Monday, April 29, 2013

Reel Estates -- Six Degrees of Separation

They claim we are all within Six Degrees of Separation of each other

For over 45 years I made a living building homes in or near the San Fernando Valley.  Now retired, I am a movie historian and author writing about movie locations in the valley.  It recently occurred to me that I have just six degrees of separation from a few movie stars whose former homes -- reel estates -- I helped turn into residential communities for ordinary people.

To understand why movie stars owned large parcels of land in the valley we need to rewind back to the 1930s; America was in the middle of a great depression, but the rich and famous in Hollywood were unaffected.  They lived lavish lifestyles and spent money on pleasurable pursuits such as thoroughbred horse racing and polo playing.

Many celebs purchased valley real estate as an investment and a hedge against losses in the recent Wall Street collapse.  Three Hollywood celebrities whose estates I helped turn into tract housing are director Rowland V. Lee, actress Barbara Stanwyck and actor Clark Gable.  

Rowland V. Lee Ranch, Canoga Park, California

Rowland V. Lee, a film director, owned a 214-acre movie ranch, located in Canoga Park. He purchased the property in 1935, from the Ben Porter Estate.  Lee called it Farm Lake Ranch, but the film industry always knew it as the Rowland V. Lee Ranch.  The property had a natural 4 acre lake that showed up on 1940s maps as Lee Lake.  

In 1946, Republic Pictures constructed a farmhouse and barn set with a stone and wood bridge over the lake.  It would later be seen in dozens of movies --  but its most famous use was as an Indiana Quaker family farm during the Civil War in Friendly Persuasion (1956).

In early 1969, I was the assistant superintendent for Kaufman & Broad when they developed the ranch into a gated community called Hidden Lake Estates.

Films lensed there include Count of Monte Cristo (1935), Our Vines Have Tender Grapes (1945), I've Always Loved You (1946), So Dark the Night (1946), Mr. Blandings Builds His Dream House (1948), The Three Musketeers (1948), Strangers on a Train (1951), Yankee Pasha (1954), Jesse James vs. the Daltons (1954), The Night of the Hunter (1955), Friendly Persuasion (1956), The Toy Tiger (1956), Johnny Tremain (1957), Darby O'Gill and the Little People (1959), The Big Fisherman (1959), and Back Street (1961)

Barbara Stanwyck's Marwyck Ranch, Northridge, California

In 1936,  Barbara Stanwyck and her agent Zeppo Marx purchased 127 acres from the Porter Estate in North Los Angeles (now Northridge) to be used as a thoroughbred horse breeding, boarding and training ranch.  They called the ranch Marwyck using a combination of their names.  Just a few years later in 1940 -- after her marriage to Robert Taylor -- Barbara sold her home on 10 acres to actor Jack Oakie.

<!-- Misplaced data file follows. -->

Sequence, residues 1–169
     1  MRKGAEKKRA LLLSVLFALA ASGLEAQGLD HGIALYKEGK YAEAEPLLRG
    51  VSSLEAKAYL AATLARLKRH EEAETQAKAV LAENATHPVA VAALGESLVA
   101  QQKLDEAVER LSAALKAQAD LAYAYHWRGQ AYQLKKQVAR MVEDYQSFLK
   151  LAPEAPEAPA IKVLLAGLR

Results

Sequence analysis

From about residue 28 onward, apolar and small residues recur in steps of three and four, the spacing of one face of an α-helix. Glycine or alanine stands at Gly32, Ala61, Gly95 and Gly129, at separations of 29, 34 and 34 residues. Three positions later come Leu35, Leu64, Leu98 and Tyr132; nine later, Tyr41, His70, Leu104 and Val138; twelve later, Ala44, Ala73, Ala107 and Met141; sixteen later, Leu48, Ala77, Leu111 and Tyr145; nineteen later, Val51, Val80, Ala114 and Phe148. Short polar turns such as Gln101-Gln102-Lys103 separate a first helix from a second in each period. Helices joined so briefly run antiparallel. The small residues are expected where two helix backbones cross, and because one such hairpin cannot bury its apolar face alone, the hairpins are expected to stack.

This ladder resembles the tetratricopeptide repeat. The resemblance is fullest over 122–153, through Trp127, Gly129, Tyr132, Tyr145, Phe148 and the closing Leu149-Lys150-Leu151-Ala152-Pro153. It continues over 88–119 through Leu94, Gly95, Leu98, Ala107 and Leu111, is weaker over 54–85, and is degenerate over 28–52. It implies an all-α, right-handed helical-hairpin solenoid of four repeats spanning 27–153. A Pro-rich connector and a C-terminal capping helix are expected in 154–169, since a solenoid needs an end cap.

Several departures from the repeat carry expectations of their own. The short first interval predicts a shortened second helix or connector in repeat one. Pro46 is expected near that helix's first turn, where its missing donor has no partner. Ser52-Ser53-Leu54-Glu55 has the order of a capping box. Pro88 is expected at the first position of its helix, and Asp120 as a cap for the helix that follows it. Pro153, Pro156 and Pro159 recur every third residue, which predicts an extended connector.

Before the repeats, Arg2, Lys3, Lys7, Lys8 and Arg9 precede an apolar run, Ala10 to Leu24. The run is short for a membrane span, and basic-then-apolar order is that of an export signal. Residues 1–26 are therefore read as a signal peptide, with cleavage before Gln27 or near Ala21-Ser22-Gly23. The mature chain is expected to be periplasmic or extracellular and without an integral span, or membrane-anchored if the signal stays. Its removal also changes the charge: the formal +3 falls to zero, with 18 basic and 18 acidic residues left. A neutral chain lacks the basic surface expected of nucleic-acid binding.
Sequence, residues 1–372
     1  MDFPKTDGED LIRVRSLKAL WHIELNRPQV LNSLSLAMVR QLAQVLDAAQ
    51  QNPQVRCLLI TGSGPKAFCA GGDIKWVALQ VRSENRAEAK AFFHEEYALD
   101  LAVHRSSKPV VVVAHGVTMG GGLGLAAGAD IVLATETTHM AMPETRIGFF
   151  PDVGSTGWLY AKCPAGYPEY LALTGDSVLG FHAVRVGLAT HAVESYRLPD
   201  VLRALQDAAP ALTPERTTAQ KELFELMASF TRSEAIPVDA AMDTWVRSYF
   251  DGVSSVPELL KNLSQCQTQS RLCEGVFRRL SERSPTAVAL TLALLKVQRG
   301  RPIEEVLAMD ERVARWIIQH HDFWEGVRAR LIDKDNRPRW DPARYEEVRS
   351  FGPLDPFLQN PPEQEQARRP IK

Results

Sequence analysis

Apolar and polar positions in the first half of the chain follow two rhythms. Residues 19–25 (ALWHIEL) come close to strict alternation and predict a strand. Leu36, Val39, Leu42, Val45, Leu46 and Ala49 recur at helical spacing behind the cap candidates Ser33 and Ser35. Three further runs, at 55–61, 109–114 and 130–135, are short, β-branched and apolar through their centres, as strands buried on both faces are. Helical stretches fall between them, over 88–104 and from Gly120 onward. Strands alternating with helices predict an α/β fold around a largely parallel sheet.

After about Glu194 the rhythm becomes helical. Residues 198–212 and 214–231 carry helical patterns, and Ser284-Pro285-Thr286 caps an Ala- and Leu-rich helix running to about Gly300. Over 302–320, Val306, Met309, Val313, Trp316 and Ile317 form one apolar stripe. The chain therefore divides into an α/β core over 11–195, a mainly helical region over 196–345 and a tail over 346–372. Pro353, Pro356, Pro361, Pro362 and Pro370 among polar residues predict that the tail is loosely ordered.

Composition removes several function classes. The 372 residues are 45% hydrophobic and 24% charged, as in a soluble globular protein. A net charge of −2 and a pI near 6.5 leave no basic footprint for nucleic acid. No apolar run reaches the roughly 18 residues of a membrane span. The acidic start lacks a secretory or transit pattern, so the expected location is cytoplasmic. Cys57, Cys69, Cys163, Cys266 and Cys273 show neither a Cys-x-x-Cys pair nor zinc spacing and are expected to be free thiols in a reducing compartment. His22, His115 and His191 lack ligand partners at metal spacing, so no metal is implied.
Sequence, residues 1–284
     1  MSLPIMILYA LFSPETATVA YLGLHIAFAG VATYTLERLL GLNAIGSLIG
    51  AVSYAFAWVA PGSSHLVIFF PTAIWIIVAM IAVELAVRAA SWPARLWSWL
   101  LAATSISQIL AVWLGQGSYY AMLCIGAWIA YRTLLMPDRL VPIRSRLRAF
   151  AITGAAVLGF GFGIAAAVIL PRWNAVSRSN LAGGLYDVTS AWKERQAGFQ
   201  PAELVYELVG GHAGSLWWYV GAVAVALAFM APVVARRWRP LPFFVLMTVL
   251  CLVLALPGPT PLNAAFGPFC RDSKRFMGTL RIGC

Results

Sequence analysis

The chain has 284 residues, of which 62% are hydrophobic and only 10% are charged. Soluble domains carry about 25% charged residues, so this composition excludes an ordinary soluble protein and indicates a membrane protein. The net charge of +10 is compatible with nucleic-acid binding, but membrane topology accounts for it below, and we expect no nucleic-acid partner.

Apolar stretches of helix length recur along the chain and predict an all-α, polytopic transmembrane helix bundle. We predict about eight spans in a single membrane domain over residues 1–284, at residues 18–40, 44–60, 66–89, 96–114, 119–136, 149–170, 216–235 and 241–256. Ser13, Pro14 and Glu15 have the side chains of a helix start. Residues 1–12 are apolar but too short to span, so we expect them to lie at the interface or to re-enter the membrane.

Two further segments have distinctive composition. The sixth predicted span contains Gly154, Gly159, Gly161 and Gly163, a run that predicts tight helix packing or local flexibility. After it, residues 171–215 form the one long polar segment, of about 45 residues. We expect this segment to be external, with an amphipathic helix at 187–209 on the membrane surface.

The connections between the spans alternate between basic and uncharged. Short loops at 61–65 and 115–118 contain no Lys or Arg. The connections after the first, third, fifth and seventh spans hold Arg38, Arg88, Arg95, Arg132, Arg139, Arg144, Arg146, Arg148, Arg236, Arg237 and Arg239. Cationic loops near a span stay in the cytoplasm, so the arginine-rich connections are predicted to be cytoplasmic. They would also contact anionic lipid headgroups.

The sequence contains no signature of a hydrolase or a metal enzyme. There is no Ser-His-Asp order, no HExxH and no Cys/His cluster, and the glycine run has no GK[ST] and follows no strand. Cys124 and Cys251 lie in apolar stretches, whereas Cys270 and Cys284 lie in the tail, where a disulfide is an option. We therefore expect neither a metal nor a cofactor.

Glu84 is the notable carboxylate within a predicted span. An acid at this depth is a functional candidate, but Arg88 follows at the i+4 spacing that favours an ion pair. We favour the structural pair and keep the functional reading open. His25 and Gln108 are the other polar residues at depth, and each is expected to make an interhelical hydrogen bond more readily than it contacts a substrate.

In late 1969 I was promoted to superintendent by Kaufman & Broad, and began construction of the second phase of housing on their Pepper Tree Farms development which was constructed on the lower Marwyck Ranch.

Marwyck Ranch was not a major filming location, but scenes in The Story of Seabiscuit (1949) were lensed there.

Clark Gable Estates, Encino CA

Shortly after their marriage in 1939, Clark Gable and Carole Lombard purchased a 30-acre ranch with a nine bedroom house, barn and horse stables that had once belonged to director Raoul Walsh.  Sadly, Carole Lombard died in an airplane crash in 1942.  Gable enlisted in the Army, and did not return to the estate until after WWII.  He lived there until his death in 1960.

During the 1970s, the estate was subdivided and sold in smaller lots, as the 'Clark Gable Estates.' The original Gable clapboard house still stands on a 1.17 acre lot in the center of the subdivision at 4543 Tara Drive, Encino.

In 1975, I was doing construction management for SH Bulmer & Associates, a Sherman Oaks Builder, when we constructed three 'for sale' homes on Oak View Drive and Ashley Oaks Drive in the Clark Gable Estates.

Just a few years later when the San Fernando Valley attempted to secede from the grips of the City of Los Angeles I would lament the loss of the many small farms and ranches lost to development in our valley… see Cowboy's Lament

Oak Park, Ventura County, California

For a brief time during the early 1980s, I was employed by Metropolitan Development Corp. as a land planner working on its Oak Park project in Ventura County.

For more than a half century the site -- which was formerly the Jordan Ranch -- had been used as a filming location for such notable movies as "The Red Pony" (1949), "The Man from the Alamo" (1953), "Texas Across the River" (1966), and "Firecreek" (1968) just to mention a few titles.

Now, in my 70s, it's unlikely I'll be involved in the remaking of any more movie properties, but you never know what destiny lies ahead.

No comments:

Post a Comment